Jewish World Review March 30, 2000 /24 Adar II, 5760
It's like 1976 in that the Republican renegade, Sen. John McCain (Ariz.), seems to be working from the playbook of Ronald Reagan, giving only modest support to his party's nominee - who could lose as a result.
It's like 1960 in that Texas Gov. George W. Bush (R), in hopes of attracting McCain's supporters, might offer him the vice presidential nomination, hoping desperately that he'll be turned down.
In 1960, of course, John F. Kennedy did the same with Lyndon Johnson, who shocked everyone by accepting. Of course, they won.
And on the Democratic side, Vice President Al Gore is trying to make himself into Harry S Truman, coming from behind and winning on a theme of "I'll fight for you."
The parallels don't suggest how this election will turn out - the race is too close and the election's too far away - but they do involve some lessons for participants and observers.
As McCain indicated in an interview with The New York Times last week, he's fully aware of Reagan's conduct in 1976, which helped lead to the narrow defeat of then-President Gerald Ford.
"I would much prefer not to take that route," he said. In the interview with Alison Mitchell, he seemed to be publicly bargaining with Bush - his "enthusiasm" as a Bush supporter in return for Bush's "fundamental agreement" on his reform agenda.
McCain, significantly, did not rule out another run for president in 2004, which would carry out the parallel with Reagan, who ran and won in 1980.
Whether or not he actually runs again, McCain is certainly doing what he should to prepare the way - campaigning for GOP candidates around the country, regardless of their stance on his agenda.
McCain doubtless believes he, like Reagan, is the leader of a burgeoning new movement in the GOP - "reform" rather than conservatism - that has a good chance of taking over.
But there are differences. Reagan didn't get blamed within the GOP for Ford's defeat, partly because Republican regulars loved him and his ideas. McCain, who doesn't enjoy that goodwill, could be blamed for a Bush defeat.
Moreover, the rightist Reagan did not hand 1976 Democratic candidate Jimmy Carter a treasure trove of sound bites to use against Ford. Every day, Gore quotes McCain to attack Bush - like accusing the governor the other day of being a "Pat Robertson Republican."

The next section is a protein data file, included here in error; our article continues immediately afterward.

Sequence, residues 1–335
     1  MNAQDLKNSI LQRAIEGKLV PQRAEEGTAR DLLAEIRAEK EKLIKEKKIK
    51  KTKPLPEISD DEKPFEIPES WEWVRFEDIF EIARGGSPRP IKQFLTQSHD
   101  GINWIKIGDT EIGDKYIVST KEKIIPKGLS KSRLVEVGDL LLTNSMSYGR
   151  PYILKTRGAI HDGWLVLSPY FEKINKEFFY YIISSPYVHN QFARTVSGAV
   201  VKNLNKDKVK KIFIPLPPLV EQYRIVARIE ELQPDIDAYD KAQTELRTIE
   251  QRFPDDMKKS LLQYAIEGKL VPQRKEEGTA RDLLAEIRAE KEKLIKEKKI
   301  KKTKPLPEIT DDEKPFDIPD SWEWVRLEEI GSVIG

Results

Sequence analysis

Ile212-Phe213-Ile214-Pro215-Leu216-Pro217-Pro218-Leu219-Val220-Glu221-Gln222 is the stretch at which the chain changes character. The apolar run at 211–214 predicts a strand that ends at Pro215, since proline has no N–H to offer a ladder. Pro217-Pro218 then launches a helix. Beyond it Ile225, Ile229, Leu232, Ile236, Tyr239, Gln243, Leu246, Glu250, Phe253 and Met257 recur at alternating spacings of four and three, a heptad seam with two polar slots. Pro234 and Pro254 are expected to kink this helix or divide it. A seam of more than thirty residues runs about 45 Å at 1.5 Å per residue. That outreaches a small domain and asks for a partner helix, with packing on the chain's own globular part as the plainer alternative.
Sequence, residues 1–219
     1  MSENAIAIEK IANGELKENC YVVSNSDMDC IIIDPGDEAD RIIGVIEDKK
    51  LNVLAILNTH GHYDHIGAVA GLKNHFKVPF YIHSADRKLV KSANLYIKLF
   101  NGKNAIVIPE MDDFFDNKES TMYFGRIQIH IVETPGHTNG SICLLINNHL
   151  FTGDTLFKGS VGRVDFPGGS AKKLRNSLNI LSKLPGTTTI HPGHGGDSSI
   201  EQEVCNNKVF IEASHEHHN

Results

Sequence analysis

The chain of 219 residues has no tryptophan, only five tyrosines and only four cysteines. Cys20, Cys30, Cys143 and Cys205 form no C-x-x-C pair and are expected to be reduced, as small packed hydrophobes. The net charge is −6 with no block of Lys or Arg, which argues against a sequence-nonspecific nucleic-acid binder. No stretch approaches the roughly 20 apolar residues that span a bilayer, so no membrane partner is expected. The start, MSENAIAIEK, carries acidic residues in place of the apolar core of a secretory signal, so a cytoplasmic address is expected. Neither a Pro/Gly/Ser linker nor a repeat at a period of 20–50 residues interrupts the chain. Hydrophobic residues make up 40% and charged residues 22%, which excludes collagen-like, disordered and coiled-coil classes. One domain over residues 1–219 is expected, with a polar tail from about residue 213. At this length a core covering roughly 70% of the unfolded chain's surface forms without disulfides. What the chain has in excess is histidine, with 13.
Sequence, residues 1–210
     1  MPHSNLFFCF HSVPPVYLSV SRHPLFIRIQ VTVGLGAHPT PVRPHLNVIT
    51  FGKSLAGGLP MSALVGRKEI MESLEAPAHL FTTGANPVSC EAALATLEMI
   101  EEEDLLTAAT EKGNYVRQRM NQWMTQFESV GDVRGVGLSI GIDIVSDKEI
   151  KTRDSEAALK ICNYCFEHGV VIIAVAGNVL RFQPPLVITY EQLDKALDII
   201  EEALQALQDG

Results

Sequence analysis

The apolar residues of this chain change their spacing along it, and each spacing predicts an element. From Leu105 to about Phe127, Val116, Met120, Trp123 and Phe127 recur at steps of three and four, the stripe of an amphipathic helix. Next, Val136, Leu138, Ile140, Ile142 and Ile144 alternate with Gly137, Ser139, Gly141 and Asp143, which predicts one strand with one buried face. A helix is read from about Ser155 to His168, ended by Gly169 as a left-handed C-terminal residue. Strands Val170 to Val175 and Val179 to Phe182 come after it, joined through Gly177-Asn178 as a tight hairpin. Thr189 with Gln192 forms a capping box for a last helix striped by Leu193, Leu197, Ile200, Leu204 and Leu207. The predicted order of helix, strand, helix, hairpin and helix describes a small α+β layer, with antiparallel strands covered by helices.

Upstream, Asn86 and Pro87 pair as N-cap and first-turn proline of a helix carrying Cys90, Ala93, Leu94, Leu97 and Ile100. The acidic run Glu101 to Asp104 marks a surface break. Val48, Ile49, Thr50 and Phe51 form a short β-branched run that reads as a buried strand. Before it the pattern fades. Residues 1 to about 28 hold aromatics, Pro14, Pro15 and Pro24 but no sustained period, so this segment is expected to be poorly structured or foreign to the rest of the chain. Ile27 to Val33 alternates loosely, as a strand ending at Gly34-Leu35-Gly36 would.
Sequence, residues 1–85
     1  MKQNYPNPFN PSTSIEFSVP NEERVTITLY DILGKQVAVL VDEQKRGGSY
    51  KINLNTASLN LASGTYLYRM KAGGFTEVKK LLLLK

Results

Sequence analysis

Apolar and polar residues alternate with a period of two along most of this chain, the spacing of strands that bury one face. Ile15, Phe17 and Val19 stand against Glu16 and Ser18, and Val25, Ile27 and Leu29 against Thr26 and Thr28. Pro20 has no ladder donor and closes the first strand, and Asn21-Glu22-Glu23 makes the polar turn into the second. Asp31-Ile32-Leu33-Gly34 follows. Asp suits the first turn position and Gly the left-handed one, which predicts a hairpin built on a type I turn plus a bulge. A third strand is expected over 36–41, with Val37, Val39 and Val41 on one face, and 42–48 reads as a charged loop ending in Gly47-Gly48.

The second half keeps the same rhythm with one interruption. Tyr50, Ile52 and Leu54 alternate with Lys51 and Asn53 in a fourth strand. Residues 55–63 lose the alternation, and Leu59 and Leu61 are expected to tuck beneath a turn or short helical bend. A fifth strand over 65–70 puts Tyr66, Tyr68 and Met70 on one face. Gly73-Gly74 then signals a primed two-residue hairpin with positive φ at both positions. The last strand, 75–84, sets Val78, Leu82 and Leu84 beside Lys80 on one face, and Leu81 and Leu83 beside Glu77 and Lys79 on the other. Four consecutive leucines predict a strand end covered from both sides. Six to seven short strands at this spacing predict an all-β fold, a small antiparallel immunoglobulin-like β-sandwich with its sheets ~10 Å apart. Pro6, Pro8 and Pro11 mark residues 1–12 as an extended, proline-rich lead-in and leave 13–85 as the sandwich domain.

Both McCain and Bush have an interest in ending their indirect negotiations and figuring out what it will take to get McCain to enthusiastically support the GOP ticket.
The latest Pew Research Center poll shows that McCain voters are splitting 51 to 41 percent for Gore and that the raucous primary race with McCain cost Bush heavily among groups that lean to McCain - Easterners, older men, Catholics and independents.
McCain could be especially valuable to Bush as a weapon against Gore. McCain has great credibility on all matters that fall under the rubric of "reform," just where Gore is vulnerable.
McCain returned to the Senate last week bashing Gore for 1996 campaign violations, but the press paid little notice. Bush has been wielding the cudgel himself, but McCain's help could be decisive.
So before too much more time elapses, Bush ought to pick up the phone, apologize to McCain for the nastiness inflicted on him in the primaries, say "I need you, friend," and work out an alliance.
Who knows? 1960 might happen all over again. Bush, valuing loyalty above all things, might be reluctant to offer McCain the No. 2 spot - or might offer it just for show, JFK-LBJ style, crediting McCain's so-far adamant rejection of the idea.
But what an opportunity the No. 2 spot on the ticket could be for McCain - rehabilitation and instant 2004 frontrunnerhood if McCain performs well and the ticket loses, a not-bad perch from which to affect policy if it won.
On the other side of the great divide, meantime, Gore's Truman re-enactment continues. The fighting theme is part of every speech and so is the righteous calumny heaped on the Republicans.
Right now, for instance, Gore is launching a series of "school days" designed to seize back the normally Democratic issue of education, where Bush has pulled even.
In 1948, Truman did not catch and pass Republican Thomas E. Dewey until the last minute. Gore has already caught up with Bush. In the Pew poll, Gore actually leads by 6 points.
So, this isn't 1948. It's sui generis: eight months of nonstop combat over
issues, ethics and personality. For contentiousness, this one could make
03/28/00: Will Bush, Gore Go for a Better Way To Pick Nominees?